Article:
National Grid struck a 20-year deal with wind developer Deepwater Wind that will help a small proposed wind project off the coast of Rhode Island move forward, Gov. Don Carcieri announced Wednesday.
The first phase of Deepwater’s project, called the Block Island Wind Farm, is expected to start operations in 2013. Its turbines are planned to go up 3 miles off the coast of Block Island in state-owned waters, which developers believe will ease the permitting process.
The project includes plans to build a transmission line to Block Island, which currently relies mostly on diesel fuel. Any excess electricity generated by the project that the island does not use will be fed to the state’s main grid.
For the first year of the project, the electricity will cost 24,4 cents per kilowatt hour. Deepwater also plans to build a larger utility-scale offshore wind power project in federal waters. The developer must sign a separate power purchase agreement for that farm, rated at 385 megawatts.
Deepwater Wind is the U.S. leader in offshore wind power development — increasing American energy independence with large-scale wind farms in deep ocean waters, where they are virtually invisible from shore.
Wind energy is recognized around the world as an excellent form of clean, renewable power. We can never run out of it. There’s no pollution or greenhouse gas emissions. The fuel is free, and not subject to the price fluctuations of foreign oil. The problem has been that, by and large, most people would rather not have to look at the wind turbines.
Deepwater Wind has a solution. Using offshore platform technology proven in the oil and gas industry, we’re able to build wind farms in deep ocean waters many miles offshore, where they are virtually invisible from land. Without visual impact issues, the wind farms can be very large in scale, with each one providing as much energy as a traditional coal or nuclear power plant — but with zero pollution or dangerous waste.
It’s the beginning of a new era in American energy independence, and the start of a cleantech economic revolution that will bring “green collar” jobs to states across the eastern seaboard.
Why is it that not a single offshore wind farm has been constructed in the United States? The primary challenge has been that little of the infrastructure necessary for the offshore wind industry has existed domestically — from regulations that allow projects to be expediently permitted, to U.S. ports, vessels, and manufacturers that are ready and able to meet demand. Compounding these problems has been coastal community resistance to offshore wind development; understandably, people simply don’t want to look at wind turbines from their beachfront homes.
Fortunately there are workable solutions to all of these challenges. Deepwater Wind has the proven technology, financial resources, relationships with manufacturers, and the dedication required to make offshore wind in the U.S. a reality. In fact, because of our superior “jacket” turbine foundation technology, Deepwater Wind has been selected by two states to build wind farms offshore (in Rhode Island and with our partner PSEG Renewables in New Jersey). But to get these and other projects built within a timeframe that will help meet our country’s urgent energy demands, there needs to be coordinated action between federal and state governments to accelerate the permitting process. With the roadblocks to offshore development taken down, we can achieve energy independence, stem climate change, and put America to work building a sustainable economy.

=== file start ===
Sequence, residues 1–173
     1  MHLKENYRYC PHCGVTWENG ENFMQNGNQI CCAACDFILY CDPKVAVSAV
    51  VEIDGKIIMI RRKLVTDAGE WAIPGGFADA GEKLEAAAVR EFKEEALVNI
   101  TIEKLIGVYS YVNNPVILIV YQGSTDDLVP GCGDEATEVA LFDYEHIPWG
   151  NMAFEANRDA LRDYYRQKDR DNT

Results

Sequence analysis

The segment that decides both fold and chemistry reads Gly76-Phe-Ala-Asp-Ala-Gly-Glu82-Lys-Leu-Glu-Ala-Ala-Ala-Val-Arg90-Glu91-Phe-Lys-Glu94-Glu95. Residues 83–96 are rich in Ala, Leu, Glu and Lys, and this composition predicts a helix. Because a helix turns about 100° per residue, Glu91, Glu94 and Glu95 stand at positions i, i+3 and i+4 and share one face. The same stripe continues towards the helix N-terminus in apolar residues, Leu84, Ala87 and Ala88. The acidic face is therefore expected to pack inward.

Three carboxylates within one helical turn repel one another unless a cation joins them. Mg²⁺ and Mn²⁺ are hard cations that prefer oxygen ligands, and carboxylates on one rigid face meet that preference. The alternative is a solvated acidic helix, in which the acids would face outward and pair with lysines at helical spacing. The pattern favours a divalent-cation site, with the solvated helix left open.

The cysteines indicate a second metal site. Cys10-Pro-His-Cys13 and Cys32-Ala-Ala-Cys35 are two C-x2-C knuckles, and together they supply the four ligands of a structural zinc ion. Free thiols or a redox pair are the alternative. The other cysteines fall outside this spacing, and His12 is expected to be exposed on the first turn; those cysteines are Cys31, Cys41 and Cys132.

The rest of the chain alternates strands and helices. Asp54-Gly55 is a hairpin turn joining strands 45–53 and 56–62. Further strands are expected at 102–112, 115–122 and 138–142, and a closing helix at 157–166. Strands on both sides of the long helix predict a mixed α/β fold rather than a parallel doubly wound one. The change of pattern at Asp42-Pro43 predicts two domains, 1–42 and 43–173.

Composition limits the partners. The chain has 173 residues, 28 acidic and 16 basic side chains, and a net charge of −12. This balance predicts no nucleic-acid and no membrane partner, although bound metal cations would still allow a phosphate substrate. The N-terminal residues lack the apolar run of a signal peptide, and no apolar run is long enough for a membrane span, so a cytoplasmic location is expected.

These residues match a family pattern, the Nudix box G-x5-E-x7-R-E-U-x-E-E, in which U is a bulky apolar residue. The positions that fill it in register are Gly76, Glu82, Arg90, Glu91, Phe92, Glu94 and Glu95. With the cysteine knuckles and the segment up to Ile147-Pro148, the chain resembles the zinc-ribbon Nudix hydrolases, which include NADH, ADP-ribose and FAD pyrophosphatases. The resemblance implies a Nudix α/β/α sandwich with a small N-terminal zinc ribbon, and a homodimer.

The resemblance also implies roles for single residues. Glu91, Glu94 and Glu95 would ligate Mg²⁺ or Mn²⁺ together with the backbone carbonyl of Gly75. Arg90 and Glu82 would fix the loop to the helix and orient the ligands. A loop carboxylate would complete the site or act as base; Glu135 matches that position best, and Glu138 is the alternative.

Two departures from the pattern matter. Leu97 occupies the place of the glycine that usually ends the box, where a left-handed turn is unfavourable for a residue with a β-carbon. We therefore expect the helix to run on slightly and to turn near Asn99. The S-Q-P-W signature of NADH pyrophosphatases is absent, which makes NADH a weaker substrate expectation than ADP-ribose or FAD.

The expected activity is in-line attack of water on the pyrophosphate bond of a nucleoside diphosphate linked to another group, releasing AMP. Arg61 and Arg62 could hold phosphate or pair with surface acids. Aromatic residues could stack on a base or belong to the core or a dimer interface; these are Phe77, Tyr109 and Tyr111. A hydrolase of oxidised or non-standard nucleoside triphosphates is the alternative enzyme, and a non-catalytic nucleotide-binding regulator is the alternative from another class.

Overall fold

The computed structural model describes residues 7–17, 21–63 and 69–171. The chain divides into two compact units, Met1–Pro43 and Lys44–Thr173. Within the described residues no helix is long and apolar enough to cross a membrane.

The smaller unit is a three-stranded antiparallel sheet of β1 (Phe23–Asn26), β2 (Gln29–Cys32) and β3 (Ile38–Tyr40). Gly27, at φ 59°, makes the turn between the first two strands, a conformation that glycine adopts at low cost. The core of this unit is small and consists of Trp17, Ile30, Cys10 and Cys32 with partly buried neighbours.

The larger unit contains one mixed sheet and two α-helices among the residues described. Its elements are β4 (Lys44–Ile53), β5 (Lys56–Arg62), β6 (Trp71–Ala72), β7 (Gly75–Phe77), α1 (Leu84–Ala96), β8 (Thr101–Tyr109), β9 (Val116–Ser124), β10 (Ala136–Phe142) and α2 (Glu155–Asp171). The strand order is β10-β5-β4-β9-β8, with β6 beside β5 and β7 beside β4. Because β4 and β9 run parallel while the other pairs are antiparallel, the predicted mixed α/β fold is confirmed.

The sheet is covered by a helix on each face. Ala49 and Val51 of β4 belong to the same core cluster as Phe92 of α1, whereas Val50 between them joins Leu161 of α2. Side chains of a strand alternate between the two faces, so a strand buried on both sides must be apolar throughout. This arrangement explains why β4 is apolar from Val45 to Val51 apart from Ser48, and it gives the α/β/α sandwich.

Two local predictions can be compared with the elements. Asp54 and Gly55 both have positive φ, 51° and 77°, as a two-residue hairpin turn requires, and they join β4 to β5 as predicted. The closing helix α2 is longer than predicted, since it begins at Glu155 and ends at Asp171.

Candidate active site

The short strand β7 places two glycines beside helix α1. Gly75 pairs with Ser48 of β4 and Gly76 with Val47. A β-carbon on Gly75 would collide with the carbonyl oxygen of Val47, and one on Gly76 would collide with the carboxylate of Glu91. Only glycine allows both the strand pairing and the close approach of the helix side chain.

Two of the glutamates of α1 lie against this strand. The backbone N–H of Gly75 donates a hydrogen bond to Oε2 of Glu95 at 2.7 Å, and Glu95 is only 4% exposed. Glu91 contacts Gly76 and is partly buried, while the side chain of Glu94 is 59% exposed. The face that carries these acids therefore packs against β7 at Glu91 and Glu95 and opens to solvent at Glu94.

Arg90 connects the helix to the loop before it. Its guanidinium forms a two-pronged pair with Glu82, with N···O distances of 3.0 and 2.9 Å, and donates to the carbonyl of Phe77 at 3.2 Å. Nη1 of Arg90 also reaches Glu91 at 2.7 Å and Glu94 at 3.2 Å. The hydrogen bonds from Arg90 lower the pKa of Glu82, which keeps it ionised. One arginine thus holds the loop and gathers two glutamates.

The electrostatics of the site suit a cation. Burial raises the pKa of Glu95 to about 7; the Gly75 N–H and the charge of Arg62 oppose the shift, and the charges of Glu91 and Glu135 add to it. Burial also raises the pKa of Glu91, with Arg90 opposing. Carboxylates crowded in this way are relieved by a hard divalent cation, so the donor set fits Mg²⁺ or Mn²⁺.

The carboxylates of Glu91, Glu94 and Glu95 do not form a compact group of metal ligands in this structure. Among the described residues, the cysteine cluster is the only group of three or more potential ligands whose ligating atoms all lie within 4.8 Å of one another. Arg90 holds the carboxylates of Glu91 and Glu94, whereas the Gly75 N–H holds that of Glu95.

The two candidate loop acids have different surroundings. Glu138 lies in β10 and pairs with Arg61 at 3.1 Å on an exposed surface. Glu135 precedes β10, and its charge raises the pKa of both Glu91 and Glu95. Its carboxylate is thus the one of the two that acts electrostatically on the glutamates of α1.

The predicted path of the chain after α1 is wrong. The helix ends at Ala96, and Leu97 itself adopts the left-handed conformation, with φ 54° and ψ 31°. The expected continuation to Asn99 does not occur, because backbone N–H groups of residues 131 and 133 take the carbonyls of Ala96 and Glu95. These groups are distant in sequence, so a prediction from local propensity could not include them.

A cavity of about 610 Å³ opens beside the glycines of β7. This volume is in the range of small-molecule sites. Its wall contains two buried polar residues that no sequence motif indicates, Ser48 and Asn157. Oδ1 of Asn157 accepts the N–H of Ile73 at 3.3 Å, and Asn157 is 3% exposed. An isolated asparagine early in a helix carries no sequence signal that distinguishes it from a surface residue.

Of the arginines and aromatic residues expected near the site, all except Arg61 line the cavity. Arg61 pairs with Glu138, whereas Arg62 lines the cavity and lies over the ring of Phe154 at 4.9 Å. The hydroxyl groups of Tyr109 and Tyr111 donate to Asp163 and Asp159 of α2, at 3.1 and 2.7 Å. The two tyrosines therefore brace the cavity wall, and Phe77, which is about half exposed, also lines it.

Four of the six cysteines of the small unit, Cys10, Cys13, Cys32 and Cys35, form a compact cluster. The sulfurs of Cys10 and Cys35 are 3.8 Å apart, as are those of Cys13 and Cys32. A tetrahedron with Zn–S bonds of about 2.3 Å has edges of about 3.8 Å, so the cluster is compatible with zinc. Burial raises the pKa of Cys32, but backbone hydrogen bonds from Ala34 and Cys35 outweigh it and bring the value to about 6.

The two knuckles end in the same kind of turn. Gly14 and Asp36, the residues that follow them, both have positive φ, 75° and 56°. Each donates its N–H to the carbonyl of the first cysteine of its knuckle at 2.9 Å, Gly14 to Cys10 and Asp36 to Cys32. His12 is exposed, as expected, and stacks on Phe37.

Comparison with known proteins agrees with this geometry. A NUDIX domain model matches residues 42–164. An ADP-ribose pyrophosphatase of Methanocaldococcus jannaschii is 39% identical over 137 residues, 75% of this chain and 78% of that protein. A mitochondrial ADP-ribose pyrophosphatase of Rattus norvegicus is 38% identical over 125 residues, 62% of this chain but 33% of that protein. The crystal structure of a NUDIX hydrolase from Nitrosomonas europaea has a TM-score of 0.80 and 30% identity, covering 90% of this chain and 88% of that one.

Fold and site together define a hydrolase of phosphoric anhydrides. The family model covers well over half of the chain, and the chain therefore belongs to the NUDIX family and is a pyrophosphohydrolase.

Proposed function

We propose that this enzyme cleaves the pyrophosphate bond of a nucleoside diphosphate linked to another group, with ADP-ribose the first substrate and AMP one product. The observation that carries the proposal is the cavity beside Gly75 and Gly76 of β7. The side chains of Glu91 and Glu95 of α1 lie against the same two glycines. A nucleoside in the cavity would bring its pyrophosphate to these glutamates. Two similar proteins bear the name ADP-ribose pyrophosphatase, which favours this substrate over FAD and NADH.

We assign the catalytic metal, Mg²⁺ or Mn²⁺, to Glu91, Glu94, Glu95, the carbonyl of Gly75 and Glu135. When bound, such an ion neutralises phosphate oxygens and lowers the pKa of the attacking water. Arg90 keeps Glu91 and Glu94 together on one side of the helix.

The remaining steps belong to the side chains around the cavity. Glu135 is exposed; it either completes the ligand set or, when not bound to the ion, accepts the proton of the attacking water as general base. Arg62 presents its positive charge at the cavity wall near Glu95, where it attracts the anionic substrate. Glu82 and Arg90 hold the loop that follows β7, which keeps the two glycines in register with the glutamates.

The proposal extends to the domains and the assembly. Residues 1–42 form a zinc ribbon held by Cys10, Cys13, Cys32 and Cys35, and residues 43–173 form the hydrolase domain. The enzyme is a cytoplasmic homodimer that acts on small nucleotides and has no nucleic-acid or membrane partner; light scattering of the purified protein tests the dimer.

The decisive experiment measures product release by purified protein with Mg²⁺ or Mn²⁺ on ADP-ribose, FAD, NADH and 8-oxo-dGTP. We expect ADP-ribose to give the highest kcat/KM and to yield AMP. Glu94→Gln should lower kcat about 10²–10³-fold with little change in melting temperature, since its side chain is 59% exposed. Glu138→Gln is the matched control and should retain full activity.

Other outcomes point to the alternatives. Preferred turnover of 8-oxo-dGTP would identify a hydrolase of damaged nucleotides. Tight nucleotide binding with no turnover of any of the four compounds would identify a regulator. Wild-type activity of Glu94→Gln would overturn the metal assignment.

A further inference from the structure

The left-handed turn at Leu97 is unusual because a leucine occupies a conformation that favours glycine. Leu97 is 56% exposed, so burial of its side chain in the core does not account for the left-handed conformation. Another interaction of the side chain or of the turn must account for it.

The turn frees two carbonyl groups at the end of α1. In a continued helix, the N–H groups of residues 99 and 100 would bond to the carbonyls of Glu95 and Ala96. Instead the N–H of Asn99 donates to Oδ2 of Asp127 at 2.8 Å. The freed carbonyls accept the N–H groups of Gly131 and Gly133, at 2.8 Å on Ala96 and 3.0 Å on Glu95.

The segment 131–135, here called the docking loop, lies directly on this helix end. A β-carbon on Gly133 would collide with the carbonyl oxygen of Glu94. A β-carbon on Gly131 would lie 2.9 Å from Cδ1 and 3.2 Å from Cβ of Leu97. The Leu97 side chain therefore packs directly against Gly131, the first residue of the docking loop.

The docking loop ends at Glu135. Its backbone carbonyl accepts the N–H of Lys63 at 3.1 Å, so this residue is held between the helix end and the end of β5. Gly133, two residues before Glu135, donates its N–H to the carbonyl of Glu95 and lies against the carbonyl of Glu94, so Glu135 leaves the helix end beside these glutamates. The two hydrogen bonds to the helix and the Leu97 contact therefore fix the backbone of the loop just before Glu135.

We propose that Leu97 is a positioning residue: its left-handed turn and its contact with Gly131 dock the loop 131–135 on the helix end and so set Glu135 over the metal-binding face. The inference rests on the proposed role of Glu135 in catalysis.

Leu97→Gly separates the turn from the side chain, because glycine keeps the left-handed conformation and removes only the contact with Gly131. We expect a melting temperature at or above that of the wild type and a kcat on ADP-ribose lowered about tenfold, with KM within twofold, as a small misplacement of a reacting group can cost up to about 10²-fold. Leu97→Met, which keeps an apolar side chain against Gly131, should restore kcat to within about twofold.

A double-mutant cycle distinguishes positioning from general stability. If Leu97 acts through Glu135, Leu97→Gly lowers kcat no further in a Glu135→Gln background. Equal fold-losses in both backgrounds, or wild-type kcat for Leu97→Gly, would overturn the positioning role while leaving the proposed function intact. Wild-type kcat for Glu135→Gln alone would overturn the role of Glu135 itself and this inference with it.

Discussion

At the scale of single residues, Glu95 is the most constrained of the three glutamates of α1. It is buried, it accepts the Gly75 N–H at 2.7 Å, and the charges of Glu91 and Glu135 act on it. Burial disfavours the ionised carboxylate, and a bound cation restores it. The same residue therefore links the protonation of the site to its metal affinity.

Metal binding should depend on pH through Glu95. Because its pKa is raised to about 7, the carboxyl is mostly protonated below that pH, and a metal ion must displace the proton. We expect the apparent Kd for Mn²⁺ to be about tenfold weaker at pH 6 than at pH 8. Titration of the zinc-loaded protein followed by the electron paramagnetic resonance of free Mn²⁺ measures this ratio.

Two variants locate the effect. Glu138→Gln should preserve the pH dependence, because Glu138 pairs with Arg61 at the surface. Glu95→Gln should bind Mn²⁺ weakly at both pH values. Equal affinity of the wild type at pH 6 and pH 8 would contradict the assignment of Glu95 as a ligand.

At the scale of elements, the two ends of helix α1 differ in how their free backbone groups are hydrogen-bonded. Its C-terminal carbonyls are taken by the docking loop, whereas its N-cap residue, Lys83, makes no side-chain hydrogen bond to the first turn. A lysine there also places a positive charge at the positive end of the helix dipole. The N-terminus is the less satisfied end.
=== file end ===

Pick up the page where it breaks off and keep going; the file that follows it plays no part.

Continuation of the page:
Perhaps just as important, Deepwater Wind can build wind farms 20 miles offshore, making them virtually invisible to coastal communities. For the first time in our nation’s history, we will create abundant energy without harming the environment or degrading the beauty of our natural landscapes.
Deepwater Wind utilizes proven, state-of-the-art “jacket” foundation technology that allows wind turbines to be cost-effectively deployed in water depths up to 150 feet. (Conventional monopiles become costly in more than 70 feet of water.)
* Deepwater Wind’s jacket foundation technology is the standard in the offshore oil and gas industries. In fact, the same technology has been used in waters 1,000 feet deep.
* Deepwater Wind employs a patent-pending assembly system that eliminates the need for expensive European service vessels, most of which have already been booked years in advance.
* Deepwater Wind works only with world-class marinized turbine suppliers, combining proven and reliable technology with state-of-the-art innovation to meet energy demand.
* As new innovations are needed, Deepwater Wind will work with leading engineers to develop appropriate solutions—such as tension leg systems for floating turbine platforms, which are already being studied.
Deepwater Wind has been selected by two states to develop sizable offshore wind projects (in Rhode Island and with our partner PSEG Renewables in New Jersey). In addition, we are evaluating a series of promising sites for the deployment of offshore wind farms from Maryland to Maine. Each project will be tailored to meet local needs in terms of scale and location. All of our projects are subject to siting and permitting processes administered by the federal government’s Minerals Management Service.